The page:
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Front. Oncol., 15 July 2021
Sec. Thoracic Oncology
This article is part of the Research Topic Treatment for Non Small Cell Lung Cancer in Distinct Patient Populations View all 32 articles

Postoperative Radiotherapy for Patients With Resectable Stage III-N2 Non-Small Cell Lung Cancer: A Systematic Review and Meta-Analysis

Tianyu Lei&#x;Tianyu LeiJing Li&#x;Jing LiHao ZhongHao ZhongHuibo ZhangHuibo ZhangYan JinYan JinJie WuJie WuLan LiLan LiBin XuBin XuQibin Song*Qibin Song*Qinyong Hu*Qinyong Hu*
  • Cancer Center, Renmin Hospital of Wuhan University, Wuhan, China

Purpose: For resectable cases of stage III-N2 non-small cell lung cancer (NSCLC), the best treatment after surgery is still uncertain. The effect of postoperative radiotherapy (PORT) is controversial. Thus, we performed this updated meta-analysis to reassess the data of PORT in stage III-N2 NSCLC patients, to figure out whether these patients can benefit from PORT.

Methods: We conducted searches of the published literature in EMBASE, PubMed, and the Cochrane Library for relevant randomized control trials (RCTs) comparing PORT group with the non-PORT group in NSCLC patients at stage III-N2. These studies allowed the prior chemotherapy in the treatment. We extracted the data from these articles and used the hazard ratios (HRs) and their 95% confidence intervals (CIs) as summary statistics for estimating the effect of PORT on overall survival (OS), disease-free survival (DFS), local-regional recurrence-free survival (LRFS).

Result: The analyses of seven randomized controlled trials (1,318 participants) show no benefit of PORT on survival (HR, 0.87; 95% CI, 0.71 to 1.07; p = 0.18) but a significantly different effect of PORT on DFS (HR, 0.83; 95% CI, 0.71 to 0.97; p = 0.02) and LRFS (HR, 0.64; 95% CI, 0.50 to 0.81; p = 0.0003). There is not enough evidence of a difference in the effect on survival by the utility of chemotherapy along with PORT though subgroup analysis of no chemotherapy group, concurrent chemoradiotherapy and sequential chemoradiotherapy group. Even in trials with 3D-CRT radiation technique, the pooled analysis shows no benefit of PORT on survival in patients with stage III-N2 NSCLC (data is not shown).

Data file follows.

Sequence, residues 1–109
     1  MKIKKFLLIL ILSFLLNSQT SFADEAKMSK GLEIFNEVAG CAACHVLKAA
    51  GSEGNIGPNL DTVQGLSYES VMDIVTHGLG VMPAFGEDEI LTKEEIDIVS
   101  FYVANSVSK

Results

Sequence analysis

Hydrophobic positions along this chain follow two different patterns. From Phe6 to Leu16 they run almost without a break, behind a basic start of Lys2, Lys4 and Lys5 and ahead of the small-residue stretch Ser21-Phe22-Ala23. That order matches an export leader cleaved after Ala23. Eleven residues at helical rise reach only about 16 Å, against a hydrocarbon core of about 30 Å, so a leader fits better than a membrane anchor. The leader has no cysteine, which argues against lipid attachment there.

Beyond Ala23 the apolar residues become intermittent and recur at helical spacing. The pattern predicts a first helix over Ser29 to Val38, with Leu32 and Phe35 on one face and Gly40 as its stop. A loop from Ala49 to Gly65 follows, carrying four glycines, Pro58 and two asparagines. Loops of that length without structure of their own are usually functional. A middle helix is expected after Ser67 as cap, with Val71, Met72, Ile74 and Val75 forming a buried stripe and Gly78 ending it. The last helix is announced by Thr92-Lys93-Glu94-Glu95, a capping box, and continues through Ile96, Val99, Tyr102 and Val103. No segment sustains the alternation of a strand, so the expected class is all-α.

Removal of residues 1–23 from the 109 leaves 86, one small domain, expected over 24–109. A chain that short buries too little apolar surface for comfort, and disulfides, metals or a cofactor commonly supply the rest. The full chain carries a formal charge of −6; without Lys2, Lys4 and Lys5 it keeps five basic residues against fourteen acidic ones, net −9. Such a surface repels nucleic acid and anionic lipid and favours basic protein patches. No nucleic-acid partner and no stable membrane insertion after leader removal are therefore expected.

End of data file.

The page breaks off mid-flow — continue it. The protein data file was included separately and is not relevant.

Conclusion: Our findings illustrate that in the postoperative treatment for patients with stage III-N2 NSCLC, PORT contributes to a significantly increased DFS and LR and may not associate with an improved OS, indicating a cautious selection.


Lung cancer is the leading cause of cancer death (18.0% of the total cancer deaths) (1). There are two main forms of lung cancer: NSCLC (85% of patients) and small cell lung cancer (SCLC) (15%) (2). The standard treatment for patients with early stage non-small cell lung cancer (NSCLC) is surgical resection (3), but for patients with apparently completely resected disease, survival is only 40% at five years (4), which may be due to the local-regional recurrent. Especially in patients who are identified as having N2 lymph node involvement, have a worse survival and local-regional recurrence compared with N0 or N1 patients (5). To improve local-regional control of the disease and prolong the survival time, investigators have explored the effect of adjuvant postoperative radiotherapy (PORT) and postoperative chemotherapy (POCT). Burdett et al. (4) initiated an individual participant data meta-analysis for the effect of PORT in NSCLC patients. The pooled analyses showed a significant adverse effect of PORT using cobalt therapy or/and linear accelerators on survival (P = 0.001), with HR 1.18 (95%CI 1.07–1.31). Likewise, data on local-regional recurrence-free survival (HR, 1.12; 95%CI 1.01–1.24) was also significantly in favor of surgery alone without PORT. Many detailed information was included in this trial, while its conclusion could not represent the effect of modern radiotherapy technique. Hence, the role of PORT in NSCLC at stage III-N2 is still unclear. Some previous meta-analyses demonstrated that PORT was associated with improved OS (6, 7), but these meta-analyses included both prospective trials and retrospective studies, which might cause selective bias or other potential bias. Recently, the Lung ART trial in Europe and another trial in China (NCT00880971) have demonstrated different results. Whether patients at stage III-N2 need postoperative radiotherapy or not remains controversial.